3 2. Carefully outline the bar magnet and mark the orientation of its magnetic poles on the sheet of paper. Map the field 1. You can start your map anywhere in principle, but let s start with a point about 10 cm from the center of the magnet. Place the compass on your paper. Use a non-magnetic pencil (Check this carefully!) to put dots on the paper at the tip and tail of the arrow of the compass. 2. Now move the compass (approximately one diameter) so that the tail of the arrow is at the point where the tip was previously. Put a dot at the location of the tip of the arrow. Repeat this procedure until you move off the edge of the paper or run into the magnet itself. 3. To complete the field line in the other direction go back to the initial position, but this time move the compass so that the tip of the arrow is where the tail was previously. This time put a dot at the location of the tail of the arrow and repeat. 4. Connect all the dots with a smooth curve. This now constitutes one magnetic field line. Before proceeding put arrows on the line to indicate which way the magnetic field is pointing. 5. Choose a new starting point and repeat the procedure until you have filled your paper with field lines. Check with your TA to make sure that you have sufficiently mapped the field. Analyze your map 1. Are there any regions on the map that the field lines seem to avoid? What is the magnetic field at these points? Explain your reasoning. How many such points are there on your map? 2. Look at the magnetic field maps drawn by the other lab groups in your lab section. Each map has been made with the bar magnet in a different orientation. Sketch simple halfpage diagrams of these other map configurations to include with your lab notes. Do these other maps have any features in common with your map? How do they differ from your map? Explain. Calculating the magnetic flux of the magnet When a magnet is immersed in the Earth s magnetic field, the resulting field is the vector sum of the magnet s field and Earth s field. In regions where the magnet s field is larger than Earth s field, a compass aligns itself more with the magnet s field. In regions where Earth s field dominates, a compass aligns more with Earth s field. You should be able to see this effect on your magnetic field map. As you move away from the bar magnet and its field gets weaker, Earth s field, which is essentially constant everywhere on your map, begins to dominate. Use your knowledge of the magnetic field due to a bar magnet alone to predict the direction of the field due to only the bar magnet at the special point(s) that field lines have avoided. Note the direction of Earth s magnetic field at this same special point. This result suggests that the sum of the fields from the bar magnet and the Earth cancel at this point, summing 19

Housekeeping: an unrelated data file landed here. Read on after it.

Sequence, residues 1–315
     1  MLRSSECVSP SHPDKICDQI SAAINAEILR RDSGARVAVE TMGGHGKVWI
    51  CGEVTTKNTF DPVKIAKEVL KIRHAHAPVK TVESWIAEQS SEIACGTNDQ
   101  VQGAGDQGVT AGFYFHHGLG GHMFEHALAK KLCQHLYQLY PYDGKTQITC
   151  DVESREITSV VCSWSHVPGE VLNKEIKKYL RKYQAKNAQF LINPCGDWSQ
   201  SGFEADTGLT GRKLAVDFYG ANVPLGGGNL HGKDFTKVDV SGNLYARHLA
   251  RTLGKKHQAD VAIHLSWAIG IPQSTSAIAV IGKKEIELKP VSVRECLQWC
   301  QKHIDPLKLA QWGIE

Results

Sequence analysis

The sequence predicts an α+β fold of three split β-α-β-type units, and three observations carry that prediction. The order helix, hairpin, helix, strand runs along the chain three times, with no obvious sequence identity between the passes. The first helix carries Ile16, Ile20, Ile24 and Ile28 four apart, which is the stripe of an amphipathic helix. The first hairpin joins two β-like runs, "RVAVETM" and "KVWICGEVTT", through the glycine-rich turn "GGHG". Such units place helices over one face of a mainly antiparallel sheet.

4 20 CHAPTER 4. MAGNETIC FIELDS to zero net field. Look at the other map configurations to determine whether this seems to be a general result. Magnetic field lines exit the N pole of the magnet, circle around, enter the S pole of the magnet, and return through the magnet to the N pole. Since magnetic charges have never been observed, we can safely assume that every field line observed outside the magnet passes through the magnet itself. A useful measure of the strength of a magnet is the magnitude of the magnetic flux, F BAR, passing through the magnet. This flux equals the product of the average magnetic field inside the magnet and its cross sectional area. The pattern of magnetic field lines outside a magnet looks much like the pattern of electric fields lines from an electric dipole. That is, the vector sum of a radially outward field from a N pole and a radially inward field into a S pole will circle around from the N pole to the S pole outside the magnet, as observed. The critical difference between magnetic and electric dipoles is that the magnetic field lines complete the circuit through the magnet, running from the S pole to the N pole. The dipole field is just an approximation, but the approximation is good at positions far from the magnet. We will use this approximation to determine the magnetic flux of the bar magnet. That is, we will treat the magnetic field outside the magnet, B BAR, as the sum of a vector directed away from the N pole, B N, and another vector directed into the S pole, B S. B BAR = B N + B S, (4.1) where B N and B S vary with distance like electric fields (Coulomb s law). In the case of magnets, however, the source of these fields are the magnetic fluxes leaving the N pole and entering the S pole. At distances far from the poles, the equation for the magnetic field due to one pole can be obtained from Coulomb s law by replacing q/e 0 with F BAR. (The total electric flux from a positive point charge is q/e 0 by Gauss s Law.) B N = F BAR 4p r 2 N B S = F BAR 4p r 2 S {Pointing radially away from the north pole}, and {Pointing radially away from the south pole}. (4.2) Figure 4.1 shows a typical null point and the vectors B N and B S showing the contribution of the magnet s N and S poles to the magnetic field at the null point. In the equations and the diagram, r N is the distance from the N pole of the magnet to the null point and r S is the distance from the S pole of the magnet to the null point. Note that the N and S poles are not right at the ends of the magnet. Since the magnetic field is a vector quantity we must be careful to add the fields associated with the N and S poles as vectors. On the magnetic field map you made with a compass, choose one of the special null points where the magnetic fields of Earth and the bar magnet cancel one another. Earth s magnetic field actually points downward at an angle of about 70 relative to the surface of Earth at the latitude of Pullman,